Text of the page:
Singh awaits 'final decision'

Last updated 13:14 18/02/2013

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Former Marlborough vineyard contractor Prubhjit Singh says he is not leaving New Zealand yet, despite being ordered to leave by Immigration New Zealand last week.

Mr Singh has been battling with Immigration New Zealand to gain a new visa since his work visa expired in 2008. He appealed to the ombudsman in 2009 and continued working illegally in New Zealand until last year.

In November last year Immigration New Zealand sent him a letter telling him he had until February 14 to leave New Zealand or face being deported and in January Chief Ombudsman Beverley Wakem released a provisional decision backing Immigration New Zealand.

However, speaking to the Marlborough Express yesterday Mr Singh said he was still in Blenheim and was not planning to leave New Zealand until the ombudsman had reached a final decision on his case.

"I have heard nothing from Immigration New Zealand. We have submitted our comments to the ombudsman's office and we're waiting on the final decision."

His wife and their two sons, aged 23 months and 3 months, are New Zealand citizens and it would be unfair splitting up the family, he said. Documents from Immigration New Zealand show Mr Singh has had several run-ins with the department.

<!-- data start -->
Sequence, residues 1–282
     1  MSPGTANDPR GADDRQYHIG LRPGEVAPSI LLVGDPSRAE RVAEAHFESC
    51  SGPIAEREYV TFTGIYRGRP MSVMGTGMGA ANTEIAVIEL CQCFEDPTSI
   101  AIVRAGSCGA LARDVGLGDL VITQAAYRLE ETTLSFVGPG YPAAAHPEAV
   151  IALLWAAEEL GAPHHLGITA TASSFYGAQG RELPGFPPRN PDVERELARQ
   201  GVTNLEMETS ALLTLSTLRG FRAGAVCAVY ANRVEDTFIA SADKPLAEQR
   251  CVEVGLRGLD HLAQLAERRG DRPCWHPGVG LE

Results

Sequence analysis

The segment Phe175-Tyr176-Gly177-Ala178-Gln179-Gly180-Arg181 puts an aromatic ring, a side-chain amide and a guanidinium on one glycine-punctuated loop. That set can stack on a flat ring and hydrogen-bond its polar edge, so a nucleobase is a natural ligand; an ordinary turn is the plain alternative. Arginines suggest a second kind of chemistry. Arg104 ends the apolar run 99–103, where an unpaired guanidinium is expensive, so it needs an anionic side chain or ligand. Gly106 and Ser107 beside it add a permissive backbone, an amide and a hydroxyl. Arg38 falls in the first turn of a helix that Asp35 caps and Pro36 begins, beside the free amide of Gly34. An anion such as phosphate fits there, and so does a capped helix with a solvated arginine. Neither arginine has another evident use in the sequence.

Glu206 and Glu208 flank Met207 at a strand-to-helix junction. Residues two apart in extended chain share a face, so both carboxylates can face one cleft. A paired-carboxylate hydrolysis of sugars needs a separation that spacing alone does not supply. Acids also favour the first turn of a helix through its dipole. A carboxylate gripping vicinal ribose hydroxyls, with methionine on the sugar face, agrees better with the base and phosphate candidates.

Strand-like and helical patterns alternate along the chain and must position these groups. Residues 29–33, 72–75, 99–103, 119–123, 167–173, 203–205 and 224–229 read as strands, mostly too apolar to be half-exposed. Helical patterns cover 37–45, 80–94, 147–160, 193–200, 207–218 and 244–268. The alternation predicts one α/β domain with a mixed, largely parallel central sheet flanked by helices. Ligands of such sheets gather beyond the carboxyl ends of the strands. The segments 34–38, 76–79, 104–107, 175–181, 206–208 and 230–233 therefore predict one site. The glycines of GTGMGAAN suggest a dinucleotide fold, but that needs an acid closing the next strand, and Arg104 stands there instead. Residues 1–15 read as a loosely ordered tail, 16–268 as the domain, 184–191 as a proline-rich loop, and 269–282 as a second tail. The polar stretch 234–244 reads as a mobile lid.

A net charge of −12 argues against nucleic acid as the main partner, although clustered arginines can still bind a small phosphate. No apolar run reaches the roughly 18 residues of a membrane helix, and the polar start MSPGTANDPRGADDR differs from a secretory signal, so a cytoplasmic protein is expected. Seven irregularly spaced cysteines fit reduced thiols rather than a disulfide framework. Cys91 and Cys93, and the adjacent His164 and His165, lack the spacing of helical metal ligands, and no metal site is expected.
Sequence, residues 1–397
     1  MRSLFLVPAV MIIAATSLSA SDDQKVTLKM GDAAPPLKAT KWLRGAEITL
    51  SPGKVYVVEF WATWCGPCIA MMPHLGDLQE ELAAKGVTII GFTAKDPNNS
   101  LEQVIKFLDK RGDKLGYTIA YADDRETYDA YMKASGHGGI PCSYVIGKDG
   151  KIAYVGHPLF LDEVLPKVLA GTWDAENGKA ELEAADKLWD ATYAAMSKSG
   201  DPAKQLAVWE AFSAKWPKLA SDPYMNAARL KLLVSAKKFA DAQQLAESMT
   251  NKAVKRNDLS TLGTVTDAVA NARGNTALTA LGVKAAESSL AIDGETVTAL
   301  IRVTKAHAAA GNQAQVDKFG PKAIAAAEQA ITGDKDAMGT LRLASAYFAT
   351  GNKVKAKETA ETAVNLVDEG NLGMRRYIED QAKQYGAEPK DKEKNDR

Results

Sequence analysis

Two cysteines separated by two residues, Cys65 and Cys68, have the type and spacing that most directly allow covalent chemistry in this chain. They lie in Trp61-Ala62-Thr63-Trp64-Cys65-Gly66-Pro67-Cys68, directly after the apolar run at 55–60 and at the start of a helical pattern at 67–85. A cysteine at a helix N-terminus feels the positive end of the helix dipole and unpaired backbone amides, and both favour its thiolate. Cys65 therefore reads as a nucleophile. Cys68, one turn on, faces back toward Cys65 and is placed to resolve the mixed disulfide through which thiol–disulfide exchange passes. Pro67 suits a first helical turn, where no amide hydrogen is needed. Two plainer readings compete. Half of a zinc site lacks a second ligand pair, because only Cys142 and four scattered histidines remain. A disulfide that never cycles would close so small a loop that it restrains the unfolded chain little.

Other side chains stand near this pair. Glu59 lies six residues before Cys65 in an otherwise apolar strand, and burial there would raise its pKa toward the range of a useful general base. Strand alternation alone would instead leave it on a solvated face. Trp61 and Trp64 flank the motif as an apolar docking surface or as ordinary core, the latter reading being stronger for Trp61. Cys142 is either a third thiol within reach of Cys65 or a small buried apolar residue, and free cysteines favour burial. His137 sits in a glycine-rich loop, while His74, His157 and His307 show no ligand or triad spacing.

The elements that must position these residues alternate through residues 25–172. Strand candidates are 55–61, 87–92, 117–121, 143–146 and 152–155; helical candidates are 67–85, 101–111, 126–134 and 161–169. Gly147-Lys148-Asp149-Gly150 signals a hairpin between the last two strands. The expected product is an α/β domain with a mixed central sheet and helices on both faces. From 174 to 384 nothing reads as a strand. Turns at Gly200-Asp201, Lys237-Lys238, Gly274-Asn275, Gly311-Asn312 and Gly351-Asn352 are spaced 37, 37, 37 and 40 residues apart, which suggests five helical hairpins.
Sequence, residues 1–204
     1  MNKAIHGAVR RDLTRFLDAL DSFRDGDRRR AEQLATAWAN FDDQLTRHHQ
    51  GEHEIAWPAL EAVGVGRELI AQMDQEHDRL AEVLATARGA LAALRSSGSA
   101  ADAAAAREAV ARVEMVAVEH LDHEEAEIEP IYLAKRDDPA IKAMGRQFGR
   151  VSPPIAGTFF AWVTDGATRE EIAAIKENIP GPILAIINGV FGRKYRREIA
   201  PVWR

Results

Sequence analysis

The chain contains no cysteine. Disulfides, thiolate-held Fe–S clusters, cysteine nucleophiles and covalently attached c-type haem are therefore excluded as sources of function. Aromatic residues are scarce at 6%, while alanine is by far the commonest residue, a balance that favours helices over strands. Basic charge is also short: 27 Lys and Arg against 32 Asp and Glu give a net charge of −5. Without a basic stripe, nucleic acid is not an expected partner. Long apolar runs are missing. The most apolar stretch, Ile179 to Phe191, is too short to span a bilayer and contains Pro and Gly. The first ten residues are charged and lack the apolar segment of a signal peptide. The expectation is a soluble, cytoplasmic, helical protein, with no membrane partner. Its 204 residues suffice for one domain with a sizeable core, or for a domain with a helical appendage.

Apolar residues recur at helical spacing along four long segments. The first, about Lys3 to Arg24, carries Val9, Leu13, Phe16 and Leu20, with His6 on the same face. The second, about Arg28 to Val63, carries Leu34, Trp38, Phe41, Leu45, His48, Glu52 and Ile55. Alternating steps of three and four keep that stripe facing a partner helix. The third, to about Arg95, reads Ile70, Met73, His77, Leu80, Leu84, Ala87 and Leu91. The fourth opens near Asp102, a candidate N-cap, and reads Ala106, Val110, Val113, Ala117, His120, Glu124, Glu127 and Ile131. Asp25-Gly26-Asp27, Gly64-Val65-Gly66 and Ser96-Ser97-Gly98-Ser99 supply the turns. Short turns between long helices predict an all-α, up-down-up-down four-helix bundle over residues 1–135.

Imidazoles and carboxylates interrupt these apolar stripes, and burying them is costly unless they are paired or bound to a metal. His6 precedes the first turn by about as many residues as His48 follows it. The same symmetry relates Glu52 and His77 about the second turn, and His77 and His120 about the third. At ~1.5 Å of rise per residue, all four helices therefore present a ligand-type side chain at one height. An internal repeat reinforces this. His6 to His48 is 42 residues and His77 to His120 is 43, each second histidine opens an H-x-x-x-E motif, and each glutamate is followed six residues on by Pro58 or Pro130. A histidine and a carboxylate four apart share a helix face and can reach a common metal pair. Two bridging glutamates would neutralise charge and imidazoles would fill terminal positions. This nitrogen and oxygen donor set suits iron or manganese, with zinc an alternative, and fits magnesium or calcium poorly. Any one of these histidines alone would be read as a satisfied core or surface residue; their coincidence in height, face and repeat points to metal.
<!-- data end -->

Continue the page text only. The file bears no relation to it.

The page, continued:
His student visa was revoked just months after he arrived in New Zealand in 2002 for not attending his approved course of study, a Bachelor of Information Technology at Wellington Institute of Technology.

In 2005 he was ordered out of the country and banned from returning for five years, although that was later overturned because of his wife's status as a New Zealand resident, and because they were operating a vineyard contracting business in Marlborough, where there was a labour shortage.

In October 2008 his visa application was denied because he was facing charges of aiding people to work in the country illegally.

Mr Singh lodged a complaint with the Office of the Ombudsman over visa denial in September 2009, and has continued to work illegally since then.

In 2010, he was found guilty on six charges of unlawfully aiding Indonesian ship jumpers to work in New Zealand. He said it was unfair that immigration officials had denied his visa application in 2008 before he had the chance to go court.

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- The Marlborough Express

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